Hayden battles 29 percent water losses
Hayden manager: Utility rates probably will increase to cover money shortfalls
Hayden — On paper, it appears Hayden is losing about 29 percent of the water it produces each year.
According to numbers from 2005 through 2008, the town is producing more water than residents are paying for. Hayden Town Council members discussed the problem at their meeting Thursday, as well as issues related to money shortfalls in the town’s sewer and water fund. They couldn’t come up with clear answers.
Town Manager Russ Martin said Friday that he expected the town to increase water rates to combat the cash shortfall.
Scott Price, the town’s water/wastewater plant operator, provided graphs and figures relating to the possible water losses at the Thursday meeting. His research showed that there doesn’t appear to be a seasonal variation or a change in loss between high- and low-use periods.
“There’s a lot of variables in there, and that’s kind of why we’ve got to look at the averages,” Price said.
The typical municipality experiences 16 percent water loss, Price said, suggesting that Hayden shoot for 10 percent.
Town Council members were concerned about losing money. They questioned whether people were using water and not paying. Some of the water loss, Price said, could come from people with broken meters.
It’s a challenge for Hayden to contract with plumbers to fix difficult-to-reach meters, and it costs money. Price said he and other plant workers weren’t comfortable fixing or replacing meters and that households with broken meters pay the rate of an average water user in town.
Price suggested requiring those users to replace their meters or face consequences.
“I think we should issue a policy where we say if you do not make an appointment within the next week to fix your meter, we’re going to turn your water off,” Price said.
Council Member Jim Haskins supported that, suggesting that the council could make door hangers saying as much.
Customers often aren’t eager to get their meters fixed, Council Member Tim Redmond said. Redmond, a mechanical contractor who does plumbing work, has contracted with the town and worked with Streets Superintendent Sam Barnes to get to customers.
“There were a couple situations where Sam had to get a little forceful with people to get me access, which is frustrating,” Redmond said.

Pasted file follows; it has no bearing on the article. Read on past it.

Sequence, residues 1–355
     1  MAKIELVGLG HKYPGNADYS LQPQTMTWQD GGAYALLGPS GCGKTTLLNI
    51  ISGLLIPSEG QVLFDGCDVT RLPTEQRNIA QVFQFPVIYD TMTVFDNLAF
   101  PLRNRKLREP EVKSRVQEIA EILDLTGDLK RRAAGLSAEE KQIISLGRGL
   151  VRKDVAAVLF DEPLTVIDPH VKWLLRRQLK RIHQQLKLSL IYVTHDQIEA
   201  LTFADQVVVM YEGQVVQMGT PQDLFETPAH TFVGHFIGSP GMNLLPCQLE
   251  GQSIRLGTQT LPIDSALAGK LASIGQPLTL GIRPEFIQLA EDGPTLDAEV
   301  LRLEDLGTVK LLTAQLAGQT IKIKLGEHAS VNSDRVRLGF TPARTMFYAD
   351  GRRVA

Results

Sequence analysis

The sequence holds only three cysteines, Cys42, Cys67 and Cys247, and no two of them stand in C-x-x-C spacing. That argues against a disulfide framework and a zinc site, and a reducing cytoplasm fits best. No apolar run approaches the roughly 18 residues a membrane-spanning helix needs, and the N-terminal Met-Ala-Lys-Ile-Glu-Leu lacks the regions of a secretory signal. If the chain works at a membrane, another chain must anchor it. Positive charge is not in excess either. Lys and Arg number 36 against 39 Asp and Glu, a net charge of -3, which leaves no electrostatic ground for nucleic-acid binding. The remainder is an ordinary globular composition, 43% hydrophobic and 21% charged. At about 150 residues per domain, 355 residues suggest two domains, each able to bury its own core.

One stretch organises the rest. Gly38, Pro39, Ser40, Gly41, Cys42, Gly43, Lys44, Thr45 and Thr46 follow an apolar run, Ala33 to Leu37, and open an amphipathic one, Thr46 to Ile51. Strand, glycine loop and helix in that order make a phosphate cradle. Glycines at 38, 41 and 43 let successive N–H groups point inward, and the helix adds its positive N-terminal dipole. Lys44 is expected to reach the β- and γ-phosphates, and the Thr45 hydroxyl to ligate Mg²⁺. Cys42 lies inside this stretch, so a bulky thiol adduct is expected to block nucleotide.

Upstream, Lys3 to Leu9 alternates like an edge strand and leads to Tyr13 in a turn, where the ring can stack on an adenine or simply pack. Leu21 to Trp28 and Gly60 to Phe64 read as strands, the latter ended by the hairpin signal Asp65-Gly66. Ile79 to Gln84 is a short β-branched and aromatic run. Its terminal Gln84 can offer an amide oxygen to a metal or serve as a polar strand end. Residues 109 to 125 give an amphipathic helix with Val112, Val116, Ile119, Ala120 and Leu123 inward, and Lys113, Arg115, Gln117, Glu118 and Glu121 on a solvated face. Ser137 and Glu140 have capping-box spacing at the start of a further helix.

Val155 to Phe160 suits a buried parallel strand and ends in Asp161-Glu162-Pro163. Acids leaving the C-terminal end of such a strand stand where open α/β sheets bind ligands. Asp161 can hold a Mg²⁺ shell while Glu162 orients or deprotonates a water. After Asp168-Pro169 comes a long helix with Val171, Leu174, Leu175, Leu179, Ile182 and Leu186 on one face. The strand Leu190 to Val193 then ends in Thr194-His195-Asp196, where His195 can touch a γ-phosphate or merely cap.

Tightening the rules is an option, Town Manager Russ Martin said, but he thinks the solution to the water loss question is more complicated. The meter for water leaving the town’s plant could be inaccurate, Martin said. It’s measuring a lot of water moving quickly.
The water loss could just appear on paper.
“I think we’re at a loss as to which way to go,” he said. “We can spend a few thousand recalibrating some meters and maybe doing some leak detection.”
The town would have to find that money somewhere, however. Hayden already has cut its budget, and the enterprise fund, which pays for the water and sewer systems, is expected to be short by half a million dollars. Tap fees are down because construction is down, and the rain this summer meant people were using – and paying for – less town water.
Hayden already has had to use its reserves, which also are about half a million, to cover costs in the enterprise fund, Martin said.
“That’s about a six-month reserve, and any community would be pleased to have that much reserve on hand,” he said. “Our problem is that the water fund has taken that until a point where we cannot operate the general fund, or at least do it as well as we have in the past, from a cash flow standpoint.”
Hayden is trying to refinance its debt on the water plant it built in 2003-04. So far, Martin and his staff members haven’t negotiated a better deal on interest rates. If they can’t do so, the town might take out a line of credit to pay bills and improve cash flow.
That would be a temporary solution, Martin said.
“It’s actually not a bad situation; it’s just like any business trying to figure out how you get through a period of time,” he said. “Because the water fund is a business, and right now it’s not making enough money to cover its bills, and that’s not a good thing.”
Hayden town officials are working with bankers to figure out the next step for the enterprise fund. Martin said Town Council members probably would consider rate increases in coming months. The town can specify whose rates increase, leaving out senior citizens, for example, he said.
“With the economy generally suffering, I think it’s a tough time to do that,” Martin said. “The board’s sensitive to that, trying to do the right thing for the fund and knowing it’s going to turn around at some point.”
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